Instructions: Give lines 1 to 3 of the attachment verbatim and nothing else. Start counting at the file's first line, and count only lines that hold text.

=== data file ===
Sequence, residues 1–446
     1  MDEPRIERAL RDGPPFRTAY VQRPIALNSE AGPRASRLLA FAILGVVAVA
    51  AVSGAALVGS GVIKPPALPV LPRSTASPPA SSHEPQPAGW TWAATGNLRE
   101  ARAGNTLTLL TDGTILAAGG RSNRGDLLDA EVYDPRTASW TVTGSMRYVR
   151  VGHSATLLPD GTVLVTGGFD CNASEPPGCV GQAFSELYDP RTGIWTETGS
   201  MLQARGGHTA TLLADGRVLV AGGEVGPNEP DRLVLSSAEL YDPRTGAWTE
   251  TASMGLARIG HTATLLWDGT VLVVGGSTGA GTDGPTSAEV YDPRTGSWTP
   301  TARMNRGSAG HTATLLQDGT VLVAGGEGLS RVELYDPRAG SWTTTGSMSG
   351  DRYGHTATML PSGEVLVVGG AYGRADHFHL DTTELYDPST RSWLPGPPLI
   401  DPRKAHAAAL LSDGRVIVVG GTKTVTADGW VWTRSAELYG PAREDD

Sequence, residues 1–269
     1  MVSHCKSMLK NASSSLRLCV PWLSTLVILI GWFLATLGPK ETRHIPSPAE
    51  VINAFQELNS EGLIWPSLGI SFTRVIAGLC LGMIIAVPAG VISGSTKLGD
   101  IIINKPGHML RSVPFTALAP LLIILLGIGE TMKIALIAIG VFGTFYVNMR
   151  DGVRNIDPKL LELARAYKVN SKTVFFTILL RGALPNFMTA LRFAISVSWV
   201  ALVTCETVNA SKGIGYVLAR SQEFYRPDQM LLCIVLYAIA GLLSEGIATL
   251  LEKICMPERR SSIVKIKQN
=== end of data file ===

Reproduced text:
Sequence, residues 1–446
     1  MDEPRIERAL RDGPPFRTAY VQRPIALNSE AGPRASRLLA FAILGVVAVA
    51  AVSGAALVGS GVIKPPALPV LPRSTASPPA SSHEPQPAGW TWAATGNLRE